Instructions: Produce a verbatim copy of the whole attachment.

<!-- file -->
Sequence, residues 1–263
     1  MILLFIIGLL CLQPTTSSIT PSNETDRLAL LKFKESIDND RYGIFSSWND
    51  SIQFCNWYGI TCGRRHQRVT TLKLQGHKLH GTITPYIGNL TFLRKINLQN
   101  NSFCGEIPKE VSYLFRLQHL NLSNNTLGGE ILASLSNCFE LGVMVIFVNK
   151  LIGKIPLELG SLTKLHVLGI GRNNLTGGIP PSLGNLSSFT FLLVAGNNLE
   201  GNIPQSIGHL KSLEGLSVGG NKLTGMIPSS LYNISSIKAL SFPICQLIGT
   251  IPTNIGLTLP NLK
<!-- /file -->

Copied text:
Sequence, residues 1–263
     1  MILLFIIGLL CLQPTTSSIT PSNETDRLAL LKFKESIDND RYGIFSSWND
    51  SIQFCNWYGI TCGRRHQRVT TLKLQGHKLH GTITPYIGNL TFLRKINLQN
   101  NSFCGEIPKE VSYLFRLQHL NLSNNTLGGE ILASLSNCFE LGVMVIFVNK
   151  LIGKIPLELG SLTKLHVLGI GRNNLTGGIP PSLGNLSSFT FLLVAGNNLE
   201  GNIPQSIGHL KSLEGLSVGG NKLTGMIPSS LYNISSIKAL SFPICQLIGT
   251  IPTNIGLTLP NLK